As previously mentioned in this blog, 2021 witnessed the deaths of several acclaimed picture book creators, including author and illustrator Floyd Cooper. Born in 1956, Cooper illustrated over 100 books for children over the course of his multi-decade career. His artwork is featured in the work of such authors as Nikki Grimes and Carole Boston Weatherford, and in the many books Cooper himself wrote.
Cited specifically for his gifts as an artist and storyteller, and for his "charm and cool, brilliance and benevolence" toward readers and fellow authors, Children's Book Week has declared May 6, 2022 the first annual Floyd Cooper Day. In observance of this proclamation, we are highlighting some of Floyd Cooper's wonderful books available at Nashville Public Library.
The bond between a grandparent and grandchild is at the heart of Max and the Tag-Along Moon. Max and his Granpa are saying their goodbyes outside the older man's house when both notice the "big fine moon" in the night sky. Granpa tells Max that the moon will always shine for him, "on and on." On the drive home, Max follows the sight of the moon; up and down hills, over a bridge, and even through a small town square, the moon remains in sight.
But dark clouds roll in and obscure the moon, leading Max to doubt his grandfather's words. Lying in bed, the little boy feels lonely without his Granpa and the tag-along moon. Max doesn't feel lonely for long, however. The moon slowly reappears from behind the dark clouds, filling Max's room with a "soft yellow glow." The moon once again shines for Max, on and on.
This is a gently paced book, perfect for slowing down before bedtime. The bursts of text accompanying each illustration are short, yet full of descriptive language. The wonder on Max's face as he gazes at the moon is lovely to behold, and Cooper's use of shadow lend a dreamlike quality to the illustrations.
In Juneteenth for Mazie, a young girl chafes under the restrictions placed upon her: it's after dark and she can't play outside, eat a cookie before going to sleep, or stay up past her bedtime. It's not fair! Mazie grumbles to her father that she "can't go where she wants, have what she wants, or do what she wants."
Mazie's father commiserates with her, and tells her that the next day will be better, because there is a celebration afoot! Tomorrow the family will celebrate Juneteenth, the day Mazie's great-great-great grandpa Mose "crossed into liberty."
On June 19, 1865, in Galveston, Texas, great-great-great grandpa Mose joined other enslaved persons to hear Union soldiers read General Order No. 3, proclaiming that slavery was no longer the law of the land. In the ensuing pages, Cooper combines fiction and nonfiction with his luminous artwork to tell two stories: that of Black Americans in the U.S., and that of Mazie and her father, who shares with her why it is her turn to celebrate—and remember.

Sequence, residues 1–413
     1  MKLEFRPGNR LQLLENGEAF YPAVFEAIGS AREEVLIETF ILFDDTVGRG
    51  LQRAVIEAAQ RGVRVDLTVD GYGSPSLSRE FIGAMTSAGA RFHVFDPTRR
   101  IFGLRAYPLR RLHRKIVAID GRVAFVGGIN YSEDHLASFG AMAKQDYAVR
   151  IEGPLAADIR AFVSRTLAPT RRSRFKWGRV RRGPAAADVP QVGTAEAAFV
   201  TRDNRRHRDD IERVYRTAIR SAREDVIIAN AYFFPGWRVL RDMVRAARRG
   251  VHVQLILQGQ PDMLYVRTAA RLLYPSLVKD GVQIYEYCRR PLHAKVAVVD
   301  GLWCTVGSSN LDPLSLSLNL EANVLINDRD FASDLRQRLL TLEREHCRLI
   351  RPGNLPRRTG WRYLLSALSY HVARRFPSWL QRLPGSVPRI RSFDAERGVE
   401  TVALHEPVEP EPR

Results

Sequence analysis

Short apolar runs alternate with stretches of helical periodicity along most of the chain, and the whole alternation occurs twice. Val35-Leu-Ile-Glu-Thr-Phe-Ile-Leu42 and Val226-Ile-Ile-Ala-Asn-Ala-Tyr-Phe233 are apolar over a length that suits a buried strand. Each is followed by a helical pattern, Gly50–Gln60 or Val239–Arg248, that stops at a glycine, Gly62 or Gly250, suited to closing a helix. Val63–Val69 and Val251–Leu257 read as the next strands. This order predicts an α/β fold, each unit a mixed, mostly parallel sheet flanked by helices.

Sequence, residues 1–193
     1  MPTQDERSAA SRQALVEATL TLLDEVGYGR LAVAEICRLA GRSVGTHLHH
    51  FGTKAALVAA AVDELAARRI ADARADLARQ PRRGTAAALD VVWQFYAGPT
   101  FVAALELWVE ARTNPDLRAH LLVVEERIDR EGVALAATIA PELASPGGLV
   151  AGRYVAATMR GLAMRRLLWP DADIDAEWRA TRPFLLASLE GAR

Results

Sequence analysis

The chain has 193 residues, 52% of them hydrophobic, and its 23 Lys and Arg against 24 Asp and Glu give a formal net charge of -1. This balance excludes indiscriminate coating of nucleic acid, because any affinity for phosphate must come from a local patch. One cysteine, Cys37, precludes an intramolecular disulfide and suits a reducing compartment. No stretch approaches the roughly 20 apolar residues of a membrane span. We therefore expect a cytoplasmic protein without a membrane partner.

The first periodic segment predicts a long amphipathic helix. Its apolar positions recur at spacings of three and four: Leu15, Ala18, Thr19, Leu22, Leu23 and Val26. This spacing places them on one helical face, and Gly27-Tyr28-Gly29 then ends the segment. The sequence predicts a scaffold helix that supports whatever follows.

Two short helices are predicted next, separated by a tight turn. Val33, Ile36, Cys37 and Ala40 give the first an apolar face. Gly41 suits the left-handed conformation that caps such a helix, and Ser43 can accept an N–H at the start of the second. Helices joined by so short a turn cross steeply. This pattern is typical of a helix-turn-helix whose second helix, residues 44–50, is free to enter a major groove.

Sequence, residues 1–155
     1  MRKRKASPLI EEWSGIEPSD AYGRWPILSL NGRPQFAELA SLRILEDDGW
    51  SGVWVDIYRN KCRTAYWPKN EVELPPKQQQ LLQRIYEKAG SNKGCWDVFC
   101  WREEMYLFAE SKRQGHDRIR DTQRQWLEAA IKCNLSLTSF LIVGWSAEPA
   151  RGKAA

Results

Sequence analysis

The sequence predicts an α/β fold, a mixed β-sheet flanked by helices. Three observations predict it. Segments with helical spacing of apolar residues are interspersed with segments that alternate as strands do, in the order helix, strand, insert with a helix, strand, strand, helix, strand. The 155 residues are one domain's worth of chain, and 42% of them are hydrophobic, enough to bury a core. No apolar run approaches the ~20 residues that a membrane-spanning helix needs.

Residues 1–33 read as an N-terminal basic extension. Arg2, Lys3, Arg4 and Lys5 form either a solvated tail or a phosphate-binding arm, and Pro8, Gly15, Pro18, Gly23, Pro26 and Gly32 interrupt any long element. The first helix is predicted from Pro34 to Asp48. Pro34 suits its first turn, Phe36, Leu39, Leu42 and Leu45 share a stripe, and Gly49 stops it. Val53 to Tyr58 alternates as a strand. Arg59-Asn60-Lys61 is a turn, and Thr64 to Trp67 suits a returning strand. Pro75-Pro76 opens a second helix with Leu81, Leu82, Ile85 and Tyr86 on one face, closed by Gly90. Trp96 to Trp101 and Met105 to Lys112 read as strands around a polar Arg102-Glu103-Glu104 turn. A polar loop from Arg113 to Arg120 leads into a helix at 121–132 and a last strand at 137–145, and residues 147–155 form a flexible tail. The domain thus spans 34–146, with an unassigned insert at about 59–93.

This book is a wonderful introduction to the history and significance of Juneteenth. It is ideal for a family read-aloud, or for a storytime for elementary aged schoolchildren. In the classroom, it would pair well with primary sources about Juneteenth. The National Museum of African American History and Culture has a wealth of resources, including a study guide for early childhood learners.
Floyd Cooper drew from his own family history to illustrate one of his final completed books, Unspeakable: The Tulsa Race Massacre. Cooper was born and raised in Tulsa, Oklahoma, and grew up hearing stories from his Grandpa Williams, who grew up in the Greenwood district of that city. He was at home with his family on May 31, 1921, when a white mob attacked the community, looting businesses, setting fire to homes, and murdering at least 300 Black people.
Author Carole Boston Weatherford lays out in forthright yet lyrical prose the background, context, and timeline of the Tulsa Race Massacre, from Greenwood's origins to its growth as an economic and social center of Black life in Oklahoma, to the events that precipitated the massacre. "Once upon a time," the text repeats, placing the reader into a place and time ripped apart by racist violence, and nearly forgotten until a full investigation shed light on the historical record. Cooper's evocative oil paintings further set the scene, showing the reader that Greenwood was a vibrant community; as Boston Weatherford's account progresses, the illustrations focus on the human beings at the center of the massacre, both perpetrator and victim.
This is a standout nonfiction text. It has won numerous awards, including the 2022 Coretta Scott King Award for both author and illustrator (awarded posthumously to Cooper). It is a prime example of the power of picture books, of all that they are and can be. It can be used in the classroom at all levels, including middle and high school.
Although a horrifically violent event is the subject of Unspeakable, nothing in it is gratuitous or graphic. It is indeed appropriate to share with younger children, so that they may know the full contours of this country's history. According to Carole Boston Weatherford, Cooper believed that children deserved the truth, for they "'are at the front line in improving society.'" Change, of course, is most possible when we know and act on the truth.
If you want to properly celebrate Floyd Cooper Day by reading and sharing his work, the catalog widget below features books available in our collection. His beautiful and invaluable books are appropriate, however, for any day.